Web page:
Mindfulness Myths

In understanding what mindfulness is, I have been learning a lot about what mindfulness is not. I realize that at the beginning of my practice I had made some wrong assumptions of what it means to be mindful. The more I explored my relationship with mindfulness, the more I recognized that my preconceived assumptions were limiting me from understanding the essence of mindfulness. As I deepen my practice, I feel like I am slowly beginning to unfold the true meaning of what it means to be mindful and fully present. But for now, here are some things that mindfulness is not.

Myth #1 - You can only be mindful when you are meditating.

Mindfulness is not always a result of sitting in a quiet place and having your eyes closed while staying focused on your breath. Some refer to this as a formal practice. There are other ways in which you can be mindful: informal practice. The next time you sit at a traffic light, take it as an opportunity to notice your breath, loosen your shoulders, and notice any tension you might be holding in your body. You can be mindful of how your hands are resting on the wheel and become aware of what is around you. I have been practicing informal mindfulness recently by paying attention to the smell and taste of my toothpaste while brushing my teeth and really feeling the brush on my teeth and gums with each stroke. It almost feels like a massage, and now I really look forward to brushing my teeth and enjoy it. I try my best not to let my mind wander into planning my day or worrying about my to-do list, and instead focus on the present moment. When my mind wanders, I notice it and then bring my attention back to my breath. Making my tea every morning is now probably the best part of my day. I lean into the five senses: watching and listening to the pour as I fill my cup, feeling the warmth cradled in my hands, smelling the aroma by following the lingering steam, and finally sipping with gratitude. I no longer impatiently wait for my tea to cool down, and eventually end up drinking cold tea. Take a second to think about moments of your day in which you can bring in mindfulness, and try it out.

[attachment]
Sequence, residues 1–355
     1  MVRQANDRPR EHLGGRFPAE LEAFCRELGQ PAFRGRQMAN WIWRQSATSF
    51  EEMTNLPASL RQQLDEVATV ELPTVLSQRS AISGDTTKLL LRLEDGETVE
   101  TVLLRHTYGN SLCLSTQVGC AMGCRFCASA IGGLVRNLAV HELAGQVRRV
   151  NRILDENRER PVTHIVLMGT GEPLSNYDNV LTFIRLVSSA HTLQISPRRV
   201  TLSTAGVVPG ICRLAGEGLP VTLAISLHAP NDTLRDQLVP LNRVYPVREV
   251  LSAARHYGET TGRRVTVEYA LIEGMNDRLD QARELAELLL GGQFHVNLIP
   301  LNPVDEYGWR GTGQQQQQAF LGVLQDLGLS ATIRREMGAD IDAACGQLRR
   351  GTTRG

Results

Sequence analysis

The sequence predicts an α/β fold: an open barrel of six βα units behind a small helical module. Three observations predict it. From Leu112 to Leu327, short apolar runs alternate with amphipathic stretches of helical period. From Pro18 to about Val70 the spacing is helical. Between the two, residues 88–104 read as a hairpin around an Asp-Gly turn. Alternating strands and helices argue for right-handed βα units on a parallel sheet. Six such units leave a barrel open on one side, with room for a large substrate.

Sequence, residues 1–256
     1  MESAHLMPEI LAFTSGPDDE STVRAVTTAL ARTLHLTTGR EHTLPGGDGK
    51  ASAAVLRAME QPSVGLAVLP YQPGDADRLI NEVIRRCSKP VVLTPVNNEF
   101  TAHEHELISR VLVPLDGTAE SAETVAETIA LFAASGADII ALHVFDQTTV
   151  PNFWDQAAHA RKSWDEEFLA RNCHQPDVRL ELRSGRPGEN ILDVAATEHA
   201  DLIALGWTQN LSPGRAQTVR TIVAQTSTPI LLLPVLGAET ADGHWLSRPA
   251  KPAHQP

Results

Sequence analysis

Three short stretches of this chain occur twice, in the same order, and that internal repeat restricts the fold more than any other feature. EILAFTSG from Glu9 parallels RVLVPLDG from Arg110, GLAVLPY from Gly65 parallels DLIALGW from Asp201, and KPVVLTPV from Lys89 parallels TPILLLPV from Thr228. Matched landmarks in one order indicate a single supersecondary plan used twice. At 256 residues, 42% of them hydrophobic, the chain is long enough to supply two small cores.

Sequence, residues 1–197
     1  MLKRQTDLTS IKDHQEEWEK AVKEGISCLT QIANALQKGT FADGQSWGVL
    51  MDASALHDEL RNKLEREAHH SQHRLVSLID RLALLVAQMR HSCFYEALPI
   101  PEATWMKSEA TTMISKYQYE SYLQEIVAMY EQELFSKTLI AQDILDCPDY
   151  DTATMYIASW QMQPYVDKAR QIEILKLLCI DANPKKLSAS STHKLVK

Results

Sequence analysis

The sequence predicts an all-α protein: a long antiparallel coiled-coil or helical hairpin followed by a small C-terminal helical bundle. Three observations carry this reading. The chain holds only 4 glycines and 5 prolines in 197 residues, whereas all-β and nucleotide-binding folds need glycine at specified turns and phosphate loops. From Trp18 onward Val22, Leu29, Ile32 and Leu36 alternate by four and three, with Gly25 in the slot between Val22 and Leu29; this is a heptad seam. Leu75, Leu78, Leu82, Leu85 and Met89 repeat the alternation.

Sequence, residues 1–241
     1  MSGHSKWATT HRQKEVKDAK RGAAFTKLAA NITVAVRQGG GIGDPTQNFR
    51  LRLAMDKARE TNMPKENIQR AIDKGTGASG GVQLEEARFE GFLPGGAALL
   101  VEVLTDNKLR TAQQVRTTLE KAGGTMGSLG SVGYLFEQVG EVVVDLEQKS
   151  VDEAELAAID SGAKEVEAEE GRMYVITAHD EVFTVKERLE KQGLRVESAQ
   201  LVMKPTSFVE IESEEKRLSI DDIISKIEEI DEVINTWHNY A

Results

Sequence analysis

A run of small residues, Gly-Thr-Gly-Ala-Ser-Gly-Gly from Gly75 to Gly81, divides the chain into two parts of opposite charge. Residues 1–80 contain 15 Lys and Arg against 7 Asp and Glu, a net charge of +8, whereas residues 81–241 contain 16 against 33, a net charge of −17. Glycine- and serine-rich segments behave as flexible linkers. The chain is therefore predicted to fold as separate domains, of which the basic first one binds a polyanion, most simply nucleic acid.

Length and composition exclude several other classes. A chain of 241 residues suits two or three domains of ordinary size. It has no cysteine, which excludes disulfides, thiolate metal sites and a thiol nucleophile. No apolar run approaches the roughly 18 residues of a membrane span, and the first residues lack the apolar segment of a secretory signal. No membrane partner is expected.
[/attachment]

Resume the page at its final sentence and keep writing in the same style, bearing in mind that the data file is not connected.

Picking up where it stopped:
Myth #2 - Mindfulness is easy.

People assume that mindfulness is easy because breathing is easy, and being aware or focused is not that difficult. “I am focusing on being present and am grateful for my being – now what?” I have learned that when I spend the time to be mindful, whether it be for ten minutes or an hour of my day, it sets the tone for the rest of my day. The less I practice, the more stress and tension I feel and the less aware I am of my surroundings, moods, thoughts, and body.

Mindfulness is a moment by moment awareness, and it is pretty much impossible for us to be aware every second of every day. We always have so much going on in our lives and so many thoughts and emotions we go through in any single day. We have to remind ourselves to breathe, to feel, to bee. You have to create a habit of mindfulness and just like any new habit, it takes work and time (about 21 days to be exact). So why not start today?

Myth #3 - I will always feel happy practicing mindfulness.

Mindfulness does not equate to joy. When we are aware of our being, we notice our thoughts, feeling, emotions – some of which may not always be positive. And that is okay. Being mindful means to just be aware of those thoughts and feelings. It is simply about becoming aware of your being and your breath. No judgment, no criticism. Mindfulness is about making peace with yourself as you are. In difficult moments when you may not always feel your best, just remember to be mindful of it and be kind to yourself.

Anushe Shoro